Good Carbs vs. Bad Carbs
Carbohydrates: the latest controversy in the nutrition world. Blamed for everything from diabetes to obesity, popular wisdom these days often suggests removing them entirely.
For many people, a low or zero carb diet can be a great choice. They go keto, and substitute fat for carbs as their main source of energy.
But it’s simply not true that all carbs are bad and that you should never eat them. For many people, eating carbs can be a great foundation for their diet.
The key is to see the difference between good carbs and bad carbs. Most of the problems blamed on carbohydrates really stem from eating too many bad carbs, like sugar and white bread, and not eating enough good carbs, like whole wheat rice or pasta.
Whole vs Refined
The best way to think about carbs is to throw out the simplistic “Good vs Bad” label entirely. Instead, think of carbs as either Whole or Refined.
Whole carbs are the ones that are more “naturally occurring”. They are minimally processed, and are high in fiber and nutrition. Common examples include:
- whole grains
- brown rice
These carbohydrates have complex molecular structures that are harder for your body to turn into energy. This means they take longer to digest, and don’t spike your blood sugar immediately.
Refined carbs are, well, refined. They are usually industrially produced, and barely resemble their natural counterparts. As a result, they tend to be much whiter in color:
- white bread
- white rice
In making these carbs, the manufacturing process essentially removes all the bland tasting, high fiber, nutritional stuff, leaving mostly just… sugar. The resulting molecules are simpler than the originals, meaning your body can break them down immediately, resulting in rapid blood sugar spikes.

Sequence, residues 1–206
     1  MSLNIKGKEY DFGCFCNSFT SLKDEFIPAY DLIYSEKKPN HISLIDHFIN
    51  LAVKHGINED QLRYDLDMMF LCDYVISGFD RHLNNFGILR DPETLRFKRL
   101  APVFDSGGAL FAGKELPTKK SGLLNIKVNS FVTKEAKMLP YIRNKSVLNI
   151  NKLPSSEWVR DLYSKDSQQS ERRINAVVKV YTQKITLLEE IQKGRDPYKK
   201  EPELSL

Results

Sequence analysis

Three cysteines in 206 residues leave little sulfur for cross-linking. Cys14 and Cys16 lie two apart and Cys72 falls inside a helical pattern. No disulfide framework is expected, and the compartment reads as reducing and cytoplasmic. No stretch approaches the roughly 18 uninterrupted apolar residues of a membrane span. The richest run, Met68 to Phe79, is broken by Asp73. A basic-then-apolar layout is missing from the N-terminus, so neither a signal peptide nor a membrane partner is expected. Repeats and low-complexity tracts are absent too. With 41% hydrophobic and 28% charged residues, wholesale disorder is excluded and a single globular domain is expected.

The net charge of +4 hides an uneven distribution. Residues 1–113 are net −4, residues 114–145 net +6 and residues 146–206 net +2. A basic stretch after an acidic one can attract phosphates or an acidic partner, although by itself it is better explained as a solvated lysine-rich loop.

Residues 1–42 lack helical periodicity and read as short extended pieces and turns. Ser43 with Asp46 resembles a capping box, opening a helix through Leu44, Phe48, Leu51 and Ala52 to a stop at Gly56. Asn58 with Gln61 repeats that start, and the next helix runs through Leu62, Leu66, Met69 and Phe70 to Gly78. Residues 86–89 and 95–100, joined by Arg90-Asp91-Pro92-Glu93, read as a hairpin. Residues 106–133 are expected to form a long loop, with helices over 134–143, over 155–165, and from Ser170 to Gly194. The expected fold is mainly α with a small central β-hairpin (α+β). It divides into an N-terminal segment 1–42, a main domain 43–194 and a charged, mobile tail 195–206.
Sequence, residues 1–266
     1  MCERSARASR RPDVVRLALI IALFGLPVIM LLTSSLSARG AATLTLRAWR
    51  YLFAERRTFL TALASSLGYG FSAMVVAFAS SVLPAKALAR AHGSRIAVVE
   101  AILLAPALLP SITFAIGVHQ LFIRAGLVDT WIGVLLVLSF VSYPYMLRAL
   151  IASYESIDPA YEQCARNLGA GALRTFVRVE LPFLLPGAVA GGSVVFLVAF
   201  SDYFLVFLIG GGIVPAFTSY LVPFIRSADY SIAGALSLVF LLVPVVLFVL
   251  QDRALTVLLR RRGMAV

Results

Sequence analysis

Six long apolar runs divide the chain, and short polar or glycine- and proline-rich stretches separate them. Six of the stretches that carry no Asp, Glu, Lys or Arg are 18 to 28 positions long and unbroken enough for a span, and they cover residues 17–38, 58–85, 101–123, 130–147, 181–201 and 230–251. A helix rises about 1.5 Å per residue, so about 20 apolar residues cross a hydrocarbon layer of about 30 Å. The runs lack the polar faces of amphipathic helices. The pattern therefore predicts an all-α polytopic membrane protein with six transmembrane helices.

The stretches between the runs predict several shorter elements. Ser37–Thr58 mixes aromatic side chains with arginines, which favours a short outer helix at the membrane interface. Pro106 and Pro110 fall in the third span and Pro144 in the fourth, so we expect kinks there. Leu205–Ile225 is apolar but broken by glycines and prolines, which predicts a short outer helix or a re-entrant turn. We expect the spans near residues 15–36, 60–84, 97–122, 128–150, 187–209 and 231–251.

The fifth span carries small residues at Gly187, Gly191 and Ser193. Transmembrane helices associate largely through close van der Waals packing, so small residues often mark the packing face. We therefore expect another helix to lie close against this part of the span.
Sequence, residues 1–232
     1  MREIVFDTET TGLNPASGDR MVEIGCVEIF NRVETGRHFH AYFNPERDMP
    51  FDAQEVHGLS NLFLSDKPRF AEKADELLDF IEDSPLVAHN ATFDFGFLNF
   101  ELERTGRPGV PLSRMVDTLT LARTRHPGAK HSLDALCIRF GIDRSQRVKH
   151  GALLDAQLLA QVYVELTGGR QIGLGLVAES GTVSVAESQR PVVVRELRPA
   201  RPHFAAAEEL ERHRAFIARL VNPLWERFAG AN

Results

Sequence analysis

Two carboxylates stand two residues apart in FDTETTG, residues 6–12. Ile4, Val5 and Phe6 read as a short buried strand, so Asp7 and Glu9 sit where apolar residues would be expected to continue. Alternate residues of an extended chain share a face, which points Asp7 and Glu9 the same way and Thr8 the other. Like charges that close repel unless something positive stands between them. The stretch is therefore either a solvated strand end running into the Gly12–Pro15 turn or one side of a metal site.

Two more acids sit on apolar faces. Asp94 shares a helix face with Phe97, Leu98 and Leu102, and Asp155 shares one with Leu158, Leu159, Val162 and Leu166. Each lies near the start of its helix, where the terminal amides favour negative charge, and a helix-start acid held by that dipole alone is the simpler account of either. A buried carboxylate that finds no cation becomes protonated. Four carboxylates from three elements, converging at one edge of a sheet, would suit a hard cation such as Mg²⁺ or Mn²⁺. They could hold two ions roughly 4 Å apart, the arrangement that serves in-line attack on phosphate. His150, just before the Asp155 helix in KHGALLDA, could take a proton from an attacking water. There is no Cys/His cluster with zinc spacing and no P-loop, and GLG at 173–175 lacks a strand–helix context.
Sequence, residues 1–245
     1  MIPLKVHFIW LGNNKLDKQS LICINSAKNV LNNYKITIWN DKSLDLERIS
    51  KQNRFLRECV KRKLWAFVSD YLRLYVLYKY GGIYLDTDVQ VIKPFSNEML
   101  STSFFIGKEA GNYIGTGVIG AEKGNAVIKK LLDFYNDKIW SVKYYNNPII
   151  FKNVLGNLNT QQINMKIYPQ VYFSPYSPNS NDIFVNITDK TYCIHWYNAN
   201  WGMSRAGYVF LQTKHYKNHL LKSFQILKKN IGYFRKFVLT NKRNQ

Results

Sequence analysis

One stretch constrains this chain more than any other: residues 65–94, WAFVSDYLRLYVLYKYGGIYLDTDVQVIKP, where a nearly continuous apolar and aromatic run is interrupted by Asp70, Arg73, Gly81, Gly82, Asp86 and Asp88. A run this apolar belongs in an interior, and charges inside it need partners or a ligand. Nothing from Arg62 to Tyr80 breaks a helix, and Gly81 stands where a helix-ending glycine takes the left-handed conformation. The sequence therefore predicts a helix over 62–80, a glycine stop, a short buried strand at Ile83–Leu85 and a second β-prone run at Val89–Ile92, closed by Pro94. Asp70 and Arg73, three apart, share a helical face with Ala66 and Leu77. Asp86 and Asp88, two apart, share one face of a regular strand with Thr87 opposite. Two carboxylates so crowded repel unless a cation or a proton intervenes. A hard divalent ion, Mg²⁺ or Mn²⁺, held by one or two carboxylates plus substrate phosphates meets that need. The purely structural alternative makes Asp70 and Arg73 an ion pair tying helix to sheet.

Carbs and Your Gut Microbiome
One of the most important reasons to favor whole carbohydrates is the way in which they affect your gut microbiome.
Your gut microbiome, by the way, is the collection of microorganisms that live in your intestines. There are actually more microorganism cells in your guts than there are human cells in your entire body!
Having a healthy gut microbiome affects nearly every aspect of your functioning as a human being. Many mental health disorders, such as anxiety and depression, are closely linked to disruptions in the gut.
Good, whole carbs help your gut microbiome, while bad, refined carbs hurt it. The main reason has to do with fiber. Refining carbohydrates removes fiber, leaving little else but sugar. But fiber is what your guts crave! Helpful microorganisms feast on fiber, while pro-inflammatory bacteria thrive on sugar.
Carbs and Glycemic Load
As mentioned above, bad carbs spike your blood sugar while good carbs don’t. How much a food impacts your blood sugar is its glycemic load, which is measured by its glycemic index.
The glycemic index is a number between 1 to 100. Foods with lower numbers have a slower impact on blood sugar. Foods with higher numbers have a faster impact on blood sugar.
You can see from this table that whole carbs generally have a lower glycemic load than refined carbs. But why is this important?
High glycemic load foods cause blood sugar spikes, which quickly turn into blood sugar crashes, leaving you feeling weak and tired. This easily turns into a vicious cycle, where you feel lousy, so you eat junk food to spike your blood sugar momentarily, and then feel even worse when your crash again.
Over the long term, the problem is even worse. Frequent blood sugar spikes damage your blood vessels and your pancreas, and increase your risk of diabetes and heart disease.
Sticking to whole carbs is a good way to keep your blood sugar levels stable, and avoid crashes and serious metabolic diseases.
Conclusion: Snacking Is Not Off The Table
Just because refined sugars are bad for you doesn’t mean you can’t enjoy a snack every now and then. In fact, plenty of common snacks are already low in refined carbs.
Nuts, seeds, and most fruits are healthy snacks that feed good gut bacteria and don’t cause blood sugar spikes. They are also excellent sources of protein and fiber.
If you have a sweet tooth, you should know that there are alternative sweeteners that aren’t made from refined carbs. Xylitol, stevia, and monkfruit are all low-carb alternatives.